Solana’s Yakovenko advises aspiring founders: If you seek stress, it’s awesome

Despite all the ups and downs, the co-founder says the risks are worth it


Solana Labs co-founders Raj Gokal (left) and Anatoly Yakovenko (right) | Solana modified by Blockworks


Anatoly Yakovenko says, “It’s really, really hard to build a company.”

He should know. Yakovenko has experienced crypto’s volatile ups and downs more than most, co-founding layer-1 network Solana and navigating the ship through tumultuous industry storms.  

As an illustration of the challenges of founding a business, Yakovenko cites a few statistics, stating that out of 4,000 investments, only 200 are profitable. Only 15 of 4,000 become companies with revenues of at least a hundred million dollars. “And those represent 97% of all the returns,” he says. 

“Your probability of success as a founder in anything, even outside of crypto, is 15 in 4,000,” he chuckles. That would be a “dream success,” he says. Only 200 out of 4,000 companies break even, he says, calling that “a really solid founder story.”

Speaking on the Lightspeed podcast (Spotify/Apple), Yakovenko says he still believes the risks are worthwhile. “This is the most transformative, amazing experience.”

“If you seek stress, if you’re one of those people that has a low heart rate or whatever, it’s an awesome, very rewarding, very insane experience.”

“You’ll feel like you’re on top of the world or in the depth of despair” from one week to the next, Yakovenko says, adding that the shared startup “trauma” brings people together.

Adding to his advice for entrepreneurs, Yakovenko says “you should be trying to compete against the best version of yourself.” When looking at the industry, founders should ask themselves, he says, “What would the best version of me do, and how do I beat them?”

“When I see competitors do something interesting,” he says, “I try to adopt it in some way.” 

Applying old models to crypto

Yakovenko pushes back on criticisms against the Solana network being centralized in nature. “We survived the FTX collapse,” he says. “The fact that the network went through that shitshow and just continued running and people continued building it — it’s the most decentralized thing possible.”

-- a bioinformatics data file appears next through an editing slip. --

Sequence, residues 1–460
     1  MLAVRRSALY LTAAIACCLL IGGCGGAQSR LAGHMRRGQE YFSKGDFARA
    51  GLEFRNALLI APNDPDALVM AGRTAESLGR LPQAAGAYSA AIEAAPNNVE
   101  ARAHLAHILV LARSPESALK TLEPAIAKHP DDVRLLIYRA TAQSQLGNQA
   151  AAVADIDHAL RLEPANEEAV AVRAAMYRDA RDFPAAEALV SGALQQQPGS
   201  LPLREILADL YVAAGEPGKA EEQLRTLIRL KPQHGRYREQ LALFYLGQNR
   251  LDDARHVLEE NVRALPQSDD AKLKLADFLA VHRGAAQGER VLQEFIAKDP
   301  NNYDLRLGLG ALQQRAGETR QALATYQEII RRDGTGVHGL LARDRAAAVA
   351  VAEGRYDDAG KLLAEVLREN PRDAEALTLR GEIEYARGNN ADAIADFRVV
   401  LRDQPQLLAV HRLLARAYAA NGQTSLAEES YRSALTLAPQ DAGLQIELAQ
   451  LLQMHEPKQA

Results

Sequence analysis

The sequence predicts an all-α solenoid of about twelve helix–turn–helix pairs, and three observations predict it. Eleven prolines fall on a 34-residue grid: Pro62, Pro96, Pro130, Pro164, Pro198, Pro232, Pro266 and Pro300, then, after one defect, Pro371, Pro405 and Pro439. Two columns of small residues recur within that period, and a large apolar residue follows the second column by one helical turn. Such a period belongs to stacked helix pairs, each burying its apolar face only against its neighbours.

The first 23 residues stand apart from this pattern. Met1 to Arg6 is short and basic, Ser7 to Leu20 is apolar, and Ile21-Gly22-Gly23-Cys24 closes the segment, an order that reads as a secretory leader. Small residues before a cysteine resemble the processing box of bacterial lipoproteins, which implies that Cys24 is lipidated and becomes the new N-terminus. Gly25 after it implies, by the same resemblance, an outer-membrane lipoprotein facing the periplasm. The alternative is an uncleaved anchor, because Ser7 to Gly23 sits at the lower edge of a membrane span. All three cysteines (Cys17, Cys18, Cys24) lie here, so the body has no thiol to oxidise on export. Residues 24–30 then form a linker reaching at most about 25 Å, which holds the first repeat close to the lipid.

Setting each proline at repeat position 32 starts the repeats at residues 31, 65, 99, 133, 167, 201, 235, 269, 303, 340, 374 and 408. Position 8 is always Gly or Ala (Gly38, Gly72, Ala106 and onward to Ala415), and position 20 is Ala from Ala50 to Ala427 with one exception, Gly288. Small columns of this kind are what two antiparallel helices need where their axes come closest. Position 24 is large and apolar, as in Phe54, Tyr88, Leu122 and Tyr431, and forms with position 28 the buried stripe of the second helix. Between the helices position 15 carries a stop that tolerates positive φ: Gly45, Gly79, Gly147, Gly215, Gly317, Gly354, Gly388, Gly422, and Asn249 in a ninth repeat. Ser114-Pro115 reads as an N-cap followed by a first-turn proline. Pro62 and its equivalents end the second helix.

“People have to understand that the protocols are not companies,” he says, noting the misconception stems from applying “old models and concepts to crypto.” 

Solana‘s a bunch of open-source code,” he explains. “Anyone can fork it. Anyone can fork Ethereum. You can run your own instances of all these networks.”

“The token,” he explains, “is just really representing the spam defense mechanism for these communications networks. That’s it. It doesn’t give you voting rights. It doesn’t give you participation rights.”

“The only reason why all these other things work,” Yakovenko says, “is because we’re able to coordinate our decision-making power with public keys and quickly come to decisions and build upon that.”

“But it’s a very network effect kind of thing. It’s not a corporation or a company,” he says. “It’s like a bunch of open-source staffs that are volunteering to work at a particular thing,” he says, “but anyone can leave at any time.” 

The Solana community, Yakovenko says, has an “awesome founder network,” making for one of the “best places” to start a business.  

Podcast host Garrett Harper jokes that the Solana community consists of the type of people who “chew glass,” noting that, despite enduring tough times, the community remains resilient. 

“Over the last year or so, it’s like you’ve been punched in the face a number of times, but you keep coming back. And to me, the community is really stronger than it’s ever been. That’s why I think this is so impressive.” 

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